any unit) set. clientWidth includes padding. There's no way to get the
- width - property off an element directly.

>
> > These new width and height properties have absolutely nothing to do
> > with compatibility, or rev-eng'ing a rathole.
> >
>
>  Agreed.  I seem to recall the argument being that they're a convenience for
> authors.  I can see how if getBoundingClientRect is generally returning the
> information I want those properties might conceivably be useful...
>
>  Your claim, on the other hand, is that getBoundingClientRect is just not
> returning the information you want, right?
>
>
No, that's wrong, sorry. It returns the information I want. I did
think it was worth mentioning that the new properties of - width - and
- height - were not necessary because they are covered by offsetWidth
and offsetHeight, but I now see that the offsetWidth property is a -
long - and box.width is a float, so it is giving some useful property,
even if offsetWidth is a more efficient call.

>
> >
> > > Probably implementation-dependent, for what it's worth.  I would assume
> > > that anything that's |float| in the IDL will include whatever accuracy
> the
> > > UA can provide.  In that case of Gecko, say, that means it'll first be
> > > rounded to the nearest 1/60 of a CSS pixel and then rounded to the
> nearest
> > > floating-point number expressible on the architecture the browser is
> running
> > > on.  That sort of thing.
> > >
> > >
> >
> > Why should you have to speculate? Shouldn't the spec be clear exactly
> > what it does?
> >
>
>  I think it would make sense for the spec to include the "anything that's
> |float| in the IDL will include whatever accuracy the UA can provide"
> language, sure.
>
>
>
> > el.style.fontSize = "2px"
> > el.style.border = "4.1em solid"
> > var expected = 8.2;
> > var actual = el.clientTop;
> > assertEqual( expected, actual );
> >
>
>  In general, that assert would fail.  See above description of the rounding
> that happens for layout coordinates in Gecko, for example.
>
>
>
> > The problem with using - long - or - int - is that you lose precision.
> >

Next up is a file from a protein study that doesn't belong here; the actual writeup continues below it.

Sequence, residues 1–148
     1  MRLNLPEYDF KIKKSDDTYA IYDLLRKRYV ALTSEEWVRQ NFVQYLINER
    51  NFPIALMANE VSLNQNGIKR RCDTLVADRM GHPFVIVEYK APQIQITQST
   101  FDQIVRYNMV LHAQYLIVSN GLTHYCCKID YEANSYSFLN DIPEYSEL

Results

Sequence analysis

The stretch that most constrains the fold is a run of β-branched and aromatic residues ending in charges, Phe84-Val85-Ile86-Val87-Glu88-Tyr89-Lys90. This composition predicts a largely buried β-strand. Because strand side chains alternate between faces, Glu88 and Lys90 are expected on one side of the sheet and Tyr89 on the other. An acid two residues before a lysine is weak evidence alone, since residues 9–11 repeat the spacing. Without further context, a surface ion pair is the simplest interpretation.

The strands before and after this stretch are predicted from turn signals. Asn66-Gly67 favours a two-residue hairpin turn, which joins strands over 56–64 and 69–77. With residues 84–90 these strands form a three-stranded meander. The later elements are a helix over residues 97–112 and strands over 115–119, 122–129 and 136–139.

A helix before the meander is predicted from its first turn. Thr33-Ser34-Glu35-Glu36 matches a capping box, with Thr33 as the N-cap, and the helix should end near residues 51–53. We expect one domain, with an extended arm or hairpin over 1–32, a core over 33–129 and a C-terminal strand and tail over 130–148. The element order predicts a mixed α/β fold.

>
>  And the problem with not using it is incompatibility with existing scripts
> that already use those properties.
>
>

That is true. Programs rely on properties that are imprecise, not
because they want to; because there's nothing else and they sort of
work.


>
> > Cuumulatively, this can add up on border-width calculation when trying
> > to find a position. This is mentioned in the archives, BTW.
> >
>
>  Yes, that's why we just need a separate API (using float) for future use.
>
>
>
> > The abstract is self-contained. Your assumptions of what the CSSOM is
> > are not part of CSSOM.
> >
>
>  The CSSOM is whatever it specifies, from my point of view as an
> implementor. What it _claims_ to specify is more or less irrelevant to me.
> Of course it's nice when the claims match reality.
>
>

OK, so we're coming from different standpoints. You think it's nice if
it does what it claims to do, but want to have a specification that
allows you to implement them.

I would think that a test suite would be all you would need for
implementation. I also believe that a test suite would provide enough
awareness of the problems as to deem them unfit for a w3c spec.

The offset* properties, as specified, work different than
implementations, and the implementations, at least IE, are not going
to change to match Opera (bet $).

Last year, I thought it would be a good idea to have offset* and
pixel* properties spec'd out. I wrote a bunch of tests and the results
I found forced me to change my mind. Around that time, I did a lot of
research and ran into CSSOM. I saw many problems in it. I mailed Anne
but we didn't get very far (there's mention of this in the archives).
Then CSSOM Views showed up on the list and here we are today: Me
looking like the rude guy, Anne looking like the standards guy.

The reality of the matter is it's a rathole - admit it! Replace that
old stuff with useful stuff that works, is easy to implement, that is
a simple API.


>
> > Many of the CSSOM Views' features already implemented cross-browser.